Copyright laws deal with original works of authorship fixed in a tangible medium. These are your ideas once they’ve moved from thoughts in your head to something real that can be bought, sold, and shared with others. You can copyright art, books, music, programming code, choreography, scripts and screenplays, graphics, sculptures, and more. Copyright doesn’t cover ideas themselves, facts, concepts, systems or processes. The main feature of copyright protection is in the name itself: a right to control how your original work is copied. There is a defense called “fair use” in copyright; however, first and foremost, it’s a defense, as well as a balancing of factors not always applicable in situations.
Copyright is often confused for trademark. While creative products may be a part of branding, such as logos and soundbites, copyright is about the creative work itself, and trademark is about a name or design that functions as a source identifier, or brand. This is how a copyrighted work can also function as a trademark and involve both issues.
Registering an original work is not required to obtain copyrights. Your original works are actually automatically copyright when “fixed in a tangible medium” such as an artist making a piece of artwork for a commission client. This does not mean registration is entirely unnecessary, as there are situations where registering your copyrighted work with the United States Copyright Office would be beneficial or even necessary. Registration will allow the copyright owner to record the registration with US Customs to help protect against importation of infringing copies. Registration establishes a public record of the work, and is required before filing for a copyright infringement lawsuit in court. Early registration will establish prima facie evidence of the validity of the copyright if it was made before or within five years of publication, and registration within three months after publication prior to an infringement of a work, statutory damages and attorney’s fees will be available in a lawsuit instead of only actual damages and lost profits. Registration is effective the date the office receives the proper requirements which include a completed registration form from the US Copyright Office, a non-refundable filing fee, and a copy or copies of the work you’re registering.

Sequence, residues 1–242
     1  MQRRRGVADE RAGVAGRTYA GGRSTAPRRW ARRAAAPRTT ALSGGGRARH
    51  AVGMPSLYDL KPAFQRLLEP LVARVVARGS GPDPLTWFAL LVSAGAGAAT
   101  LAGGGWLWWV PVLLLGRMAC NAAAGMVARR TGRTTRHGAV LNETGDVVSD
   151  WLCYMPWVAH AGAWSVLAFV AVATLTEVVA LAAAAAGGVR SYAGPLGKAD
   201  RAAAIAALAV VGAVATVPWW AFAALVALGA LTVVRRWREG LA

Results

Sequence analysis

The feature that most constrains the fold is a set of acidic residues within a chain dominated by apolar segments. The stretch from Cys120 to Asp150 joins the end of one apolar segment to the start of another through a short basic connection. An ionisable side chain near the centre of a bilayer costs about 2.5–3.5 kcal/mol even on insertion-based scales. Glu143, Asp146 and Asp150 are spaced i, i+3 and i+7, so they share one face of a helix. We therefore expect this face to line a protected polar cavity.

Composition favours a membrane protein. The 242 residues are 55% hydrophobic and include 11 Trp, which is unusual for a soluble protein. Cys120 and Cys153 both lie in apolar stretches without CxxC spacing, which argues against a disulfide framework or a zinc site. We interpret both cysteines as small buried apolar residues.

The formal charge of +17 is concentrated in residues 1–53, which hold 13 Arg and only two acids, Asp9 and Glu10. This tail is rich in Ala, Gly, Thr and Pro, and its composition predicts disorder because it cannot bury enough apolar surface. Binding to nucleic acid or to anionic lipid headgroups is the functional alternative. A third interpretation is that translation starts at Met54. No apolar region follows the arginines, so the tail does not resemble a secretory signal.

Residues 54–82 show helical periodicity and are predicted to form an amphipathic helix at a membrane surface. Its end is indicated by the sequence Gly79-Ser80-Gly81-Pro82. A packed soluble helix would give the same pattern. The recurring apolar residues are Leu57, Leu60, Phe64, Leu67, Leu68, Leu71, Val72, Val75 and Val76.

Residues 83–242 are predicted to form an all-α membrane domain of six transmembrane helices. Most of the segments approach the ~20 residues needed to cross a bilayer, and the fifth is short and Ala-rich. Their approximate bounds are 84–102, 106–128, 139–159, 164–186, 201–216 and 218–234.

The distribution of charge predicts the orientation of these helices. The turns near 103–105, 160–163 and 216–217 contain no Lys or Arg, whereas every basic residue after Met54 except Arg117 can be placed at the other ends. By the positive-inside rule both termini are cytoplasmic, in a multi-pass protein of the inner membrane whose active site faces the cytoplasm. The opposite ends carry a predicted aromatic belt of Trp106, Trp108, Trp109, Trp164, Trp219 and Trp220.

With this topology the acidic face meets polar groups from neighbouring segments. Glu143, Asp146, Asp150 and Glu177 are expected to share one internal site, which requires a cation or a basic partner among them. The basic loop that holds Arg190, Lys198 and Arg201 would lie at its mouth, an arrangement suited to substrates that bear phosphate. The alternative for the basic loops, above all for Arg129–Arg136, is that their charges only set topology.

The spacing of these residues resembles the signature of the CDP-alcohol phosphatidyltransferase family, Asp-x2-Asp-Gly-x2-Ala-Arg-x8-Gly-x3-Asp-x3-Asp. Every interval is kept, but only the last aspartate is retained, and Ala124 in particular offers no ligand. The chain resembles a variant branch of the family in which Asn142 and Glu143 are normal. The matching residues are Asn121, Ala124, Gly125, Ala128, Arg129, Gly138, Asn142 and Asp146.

Registered or not, providing notice of copyright is easy. You often find this notice on creative works and websites in the form of the © copyright symbol and the owner’s name, with or without the copyright’s date, “All Rights Reserved” or other language, for example:
© 2020 Pederzani Law Firm, LLC.
Problems often arise in copyright when you deal with multiple authors for a single work like you find in indie video game projects, business start-ups, and other arrangements with volunteers and “work-for-hire” contractors. Collaborative projects, especially in creative and fan writing, also encounter this issue. If copyrights of a collaborative work are not properly transferred in writing, the original creator, or each co-author for collaborative works, has certain rights and interests in the copyrighted work.
Pederzani Law is experienced in copyright transactions, copyright assignment, and non-litigation copyright enforcement, offering advice and counseling for copyright law, cease and desists, and the DMCA §512 takedown notice process for victims of copyright infringement where applicable. Copyright licensing can be a profitable venture if done correctly, but you need to be aware of how to properly license and protect your creativity.